Individuals who believe that they have found a fossilized dinosaur bone in an outdoor area should avoid touching it and instead take a photo and make note of its exact location using a map before making contact with a natural history museum such as the Smithsonian National Museum of Natural History in Washington, D.C. However, this procedure is not legally binding, particularly if the fossil is discovered on private land, though moral obligation may tell a different story. In the United States, individuals who find a fossil on their land are not required to report or hand it over to any authority.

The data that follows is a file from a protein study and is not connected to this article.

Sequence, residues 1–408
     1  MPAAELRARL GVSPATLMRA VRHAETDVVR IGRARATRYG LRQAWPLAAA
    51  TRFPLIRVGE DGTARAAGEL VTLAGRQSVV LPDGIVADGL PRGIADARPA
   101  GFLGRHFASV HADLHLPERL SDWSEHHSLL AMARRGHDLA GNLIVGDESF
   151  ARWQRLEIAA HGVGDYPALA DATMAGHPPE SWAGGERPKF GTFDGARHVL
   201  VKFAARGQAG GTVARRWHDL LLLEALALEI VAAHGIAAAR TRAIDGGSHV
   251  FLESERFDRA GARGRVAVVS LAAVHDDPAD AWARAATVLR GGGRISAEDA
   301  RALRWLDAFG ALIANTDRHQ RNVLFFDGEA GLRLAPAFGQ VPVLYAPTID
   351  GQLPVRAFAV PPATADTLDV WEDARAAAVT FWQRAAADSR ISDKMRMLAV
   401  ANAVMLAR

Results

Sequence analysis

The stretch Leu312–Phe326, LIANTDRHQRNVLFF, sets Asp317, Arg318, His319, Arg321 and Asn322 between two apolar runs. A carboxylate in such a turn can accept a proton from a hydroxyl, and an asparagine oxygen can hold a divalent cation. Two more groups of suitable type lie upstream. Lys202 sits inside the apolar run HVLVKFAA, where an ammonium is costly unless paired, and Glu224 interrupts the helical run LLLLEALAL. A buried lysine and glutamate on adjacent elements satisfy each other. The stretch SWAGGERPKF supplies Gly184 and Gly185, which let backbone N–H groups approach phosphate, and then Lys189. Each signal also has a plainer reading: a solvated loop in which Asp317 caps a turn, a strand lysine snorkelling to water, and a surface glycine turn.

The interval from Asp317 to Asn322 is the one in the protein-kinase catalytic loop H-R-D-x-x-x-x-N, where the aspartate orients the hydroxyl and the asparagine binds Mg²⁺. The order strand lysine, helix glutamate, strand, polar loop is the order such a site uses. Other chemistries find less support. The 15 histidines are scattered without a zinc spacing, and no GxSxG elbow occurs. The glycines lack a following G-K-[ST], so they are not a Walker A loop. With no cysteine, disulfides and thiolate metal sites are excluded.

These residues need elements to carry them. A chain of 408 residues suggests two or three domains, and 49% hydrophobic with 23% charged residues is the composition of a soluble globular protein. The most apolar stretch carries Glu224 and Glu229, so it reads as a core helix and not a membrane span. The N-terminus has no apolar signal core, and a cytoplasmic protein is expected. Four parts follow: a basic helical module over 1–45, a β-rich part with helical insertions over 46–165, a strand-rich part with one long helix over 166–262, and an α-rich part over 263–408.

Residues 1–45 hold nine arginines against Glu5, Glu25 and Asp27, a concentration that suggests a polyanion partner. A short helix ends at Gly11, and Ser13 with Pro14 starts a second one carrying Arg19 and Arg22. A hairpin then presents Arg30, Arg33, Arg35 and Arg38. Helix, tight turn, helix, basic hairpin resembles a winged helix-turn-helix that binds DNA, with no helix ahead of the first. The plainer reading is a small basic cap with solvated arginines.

While the potential scientific knowledge that can be gained from such a specimen has great intellectual value, this may not be as alluring as the potential millions of dollars the fossil's new owner can score by entering the artifact into a public auction. Those who want to try and have it both ways by selling the fossil to a museum may find their ambitions disappointed, as public or academic institutions such as museums tend to be unable to match the high prices dinosaur fossils can fetch at auction. The more rare and scientifically valuable a fossil is, the more likely it is to fetch a big price in the international fossil market.